The section of the Banking Act that introduced capping of interest rates is unconstitutional, a high court in Nairobi has ruled.

A three-judge bench comprising of Judges Francis Tuiyot, Jackline Kamau and Rachael Ngetich made the ruling on Thursday following a petition filed by a Nairobi resident Boniface Oduor in 2016.

The petitioner moved to Court to challenge the Banking (Amendment) Act 2016 which capped interest rates at four percent above the Central Bank Rate (CBR), which currently stands at 9%.

“The court has found provisions of sections 33 B (1) and (2) of the Banking Act to be vague, imprecise, ambiguous and indefinite… The court therefore declares the sections 33B(1) and (2) of the Banking Act to be null and void,” ruled the court.

However, the Commercial and Admiralty Division court suspended the enforcement of the ruling for 12 months to give lawmakers time to amend the law.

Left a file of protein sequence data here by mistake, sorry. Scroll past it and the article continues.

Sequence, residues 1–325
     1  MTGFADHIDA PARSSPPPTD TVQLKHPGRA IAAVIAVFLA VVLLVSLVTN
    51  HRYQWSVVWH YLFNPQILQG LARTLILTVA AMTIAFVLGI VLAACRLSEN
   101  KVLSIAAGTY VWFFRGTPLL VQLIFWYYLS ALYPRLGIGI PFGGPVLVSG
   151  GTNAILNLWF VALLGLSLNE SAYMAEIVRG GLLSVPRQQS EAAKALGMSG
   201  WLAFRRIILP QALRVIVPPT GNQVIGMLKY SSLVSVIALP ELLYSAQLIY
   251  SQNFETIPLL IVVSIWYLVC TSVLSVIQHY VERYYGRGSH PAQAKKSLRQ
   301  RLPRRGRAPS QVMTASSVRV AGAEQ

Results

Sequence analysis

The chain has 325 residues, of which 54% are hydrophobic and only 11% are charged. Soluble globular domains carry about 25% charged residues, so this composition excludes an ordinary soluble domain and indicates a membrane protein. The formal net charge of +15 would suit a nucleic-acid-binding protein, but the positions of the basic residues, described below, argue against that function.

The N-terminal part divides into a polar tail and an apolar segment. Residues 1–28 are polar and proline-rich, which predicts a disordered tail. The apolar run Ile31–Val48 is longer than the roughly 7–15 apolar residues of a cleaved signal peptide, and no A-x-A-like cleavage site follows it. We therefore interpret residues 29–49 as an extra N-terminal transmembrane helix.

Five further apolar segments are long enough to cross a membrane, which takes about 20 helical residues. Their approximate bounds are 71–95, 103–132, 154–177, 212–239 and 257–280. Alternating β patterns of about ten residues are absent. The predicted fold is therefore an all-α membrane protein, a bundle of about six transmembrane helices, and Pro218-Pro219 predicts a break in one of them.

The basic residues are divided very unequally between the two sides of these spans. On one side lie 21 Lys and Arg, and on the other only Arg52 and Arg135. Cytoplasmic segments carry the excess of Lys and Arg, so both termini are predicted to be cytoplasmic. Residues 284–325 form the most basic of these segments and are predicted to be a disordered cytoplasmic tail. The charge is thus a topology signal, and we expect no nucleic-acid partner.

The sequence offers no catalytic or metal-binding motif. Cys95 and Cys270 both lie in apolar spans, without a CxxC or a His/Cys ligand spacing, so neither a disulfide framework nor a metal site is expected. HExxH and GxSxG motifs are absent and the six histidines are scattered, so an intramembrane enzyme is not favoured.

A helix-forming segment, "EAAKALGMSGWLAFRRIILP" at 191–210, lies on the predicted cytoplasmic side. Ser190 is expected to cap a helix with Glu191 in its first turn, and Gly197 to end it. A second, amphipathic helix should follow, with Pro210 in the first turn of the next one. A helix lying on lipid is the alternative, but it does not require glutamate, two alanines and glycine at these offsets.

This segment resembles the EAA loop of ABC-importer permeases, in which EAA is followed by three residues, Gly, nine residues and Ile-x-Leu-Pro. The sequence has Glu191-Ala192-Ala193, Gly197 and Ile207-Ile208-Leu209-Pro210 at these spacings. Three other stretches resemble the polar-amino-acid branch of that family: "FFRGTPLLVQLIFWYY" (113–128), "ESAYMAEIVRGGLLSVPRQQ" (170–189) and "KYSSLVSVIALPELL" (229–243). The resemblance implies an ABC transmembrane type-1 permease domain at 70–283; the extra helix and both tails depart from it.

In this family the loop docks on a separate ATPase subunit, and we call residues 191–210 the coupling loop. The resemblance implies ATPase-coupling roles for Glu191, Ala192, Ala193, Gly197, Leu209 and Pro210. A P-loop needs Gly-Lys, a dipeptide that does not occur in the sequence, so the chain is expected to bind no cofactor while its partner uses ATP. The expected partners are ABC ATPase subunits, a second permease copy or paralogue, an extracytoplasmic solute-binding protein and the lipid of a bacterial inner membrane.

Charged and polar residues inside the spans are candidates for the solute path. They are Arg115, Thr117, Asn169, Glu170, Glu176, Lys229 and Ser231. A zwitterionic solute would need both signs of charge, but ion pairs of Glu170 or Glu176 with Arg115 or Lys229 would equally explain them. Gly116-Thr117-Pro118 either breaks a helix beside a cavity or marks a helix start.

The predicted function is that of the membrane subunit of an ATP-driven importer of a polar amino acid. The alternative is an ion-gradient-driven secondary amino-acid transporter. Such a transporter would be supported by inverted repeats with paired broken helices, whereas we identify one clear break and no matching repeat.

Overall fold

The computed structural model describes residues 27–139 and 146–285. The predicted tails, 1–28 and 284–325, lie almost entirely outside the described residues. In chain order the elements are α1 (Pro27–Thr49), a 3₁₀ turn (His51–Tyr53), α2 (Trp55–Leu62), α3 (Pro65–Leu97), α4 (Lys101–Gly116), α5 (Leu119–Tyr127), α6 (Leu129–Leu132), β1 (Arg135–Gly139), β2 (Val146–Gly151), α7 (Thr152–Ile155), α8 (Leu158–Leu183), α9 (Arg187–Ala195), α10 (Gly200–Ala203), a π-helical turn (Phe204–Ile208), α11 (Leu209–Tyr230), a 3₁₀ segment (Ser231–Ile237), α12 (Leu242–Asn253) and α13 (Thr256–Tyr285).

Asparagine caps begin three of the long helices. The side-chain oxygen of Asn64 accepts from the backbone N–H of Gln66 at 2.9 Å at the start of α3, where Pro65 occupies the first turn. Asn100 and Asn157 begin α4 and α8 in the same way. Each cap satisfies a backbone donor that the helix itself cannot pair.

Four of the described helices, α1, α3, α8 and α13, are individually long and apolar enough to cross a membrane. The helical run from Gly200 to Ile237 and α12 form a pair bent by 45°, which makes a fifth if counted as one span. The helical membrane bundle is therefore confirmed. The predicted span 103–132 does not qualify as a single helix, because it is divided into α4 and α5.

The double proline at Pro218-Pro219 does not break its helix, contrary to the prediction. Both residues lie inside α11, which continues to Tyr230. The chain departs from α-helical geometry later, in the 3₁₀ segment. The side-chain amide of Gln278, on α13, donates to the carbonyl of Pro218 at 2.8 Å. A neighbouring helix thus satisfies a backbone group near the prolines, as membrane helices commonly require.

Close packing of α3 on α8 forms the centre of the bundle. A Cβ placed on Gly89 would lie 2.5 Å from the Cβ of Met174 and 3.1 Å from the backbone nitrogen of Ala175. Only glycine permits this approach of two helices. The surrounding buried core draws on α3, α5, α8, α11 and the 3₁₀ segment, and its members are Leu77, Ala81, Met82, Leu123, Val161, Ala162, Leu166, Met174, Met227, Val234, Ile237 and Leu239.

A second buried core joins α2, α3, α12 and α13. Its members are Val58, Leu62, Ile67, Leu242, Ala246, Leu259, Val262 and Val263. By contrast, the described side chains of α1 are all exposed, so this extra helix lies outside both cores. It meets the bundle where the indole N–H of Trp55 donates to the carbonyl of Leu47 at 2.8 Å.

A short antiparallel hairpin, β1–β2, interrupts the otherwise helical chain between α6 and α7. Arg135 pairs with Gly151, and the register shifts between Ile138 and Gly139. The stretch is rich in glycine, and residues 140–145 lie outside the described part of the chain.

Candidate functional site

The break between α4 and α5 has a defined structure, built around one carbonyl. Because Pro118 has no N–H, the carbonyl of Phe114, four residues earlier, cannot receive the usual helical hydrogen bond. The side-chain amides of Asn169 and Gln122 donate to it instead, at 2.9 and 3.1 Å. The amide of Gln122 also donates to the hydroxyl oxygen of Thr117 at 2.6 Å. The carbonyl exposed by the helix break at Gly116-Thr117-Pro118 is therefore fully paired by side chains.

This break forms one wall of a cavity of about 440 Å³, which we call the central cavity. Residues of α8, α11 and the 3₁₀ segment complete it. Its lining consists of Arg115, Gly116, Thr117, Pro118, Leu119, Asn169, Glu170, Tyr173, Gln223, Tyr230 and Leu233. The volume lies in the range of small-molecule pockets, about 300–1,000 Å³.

“Although the responsibility of the Central Bank of Kenya in setting and publishing the Central Bank Rate under Section 36 of the Central Bank Act is undoubtedly a function of formulating monetary policy, the petitioner (Mr Boniface Oduor) has not demonstrated to the satisfaction of the court that the provisions of Section 33B, relating to interest rate capping, falls within the purview of monetary policy.”

The court statement further stated: “For that reason, the court cannot fault the National Assembly in legislating a provision on interest rate ceiling. In arriving at the decision, the court gives deference to the principle of the presumption of constitutionality of legislation.”

“Central bank of Kenya will continue to provide measures of clarity to the impugned provisions,” added the three bench court.

The Central Bank on Thursday indicated that it was reviewing the ruling before issuing a comprehensive statement.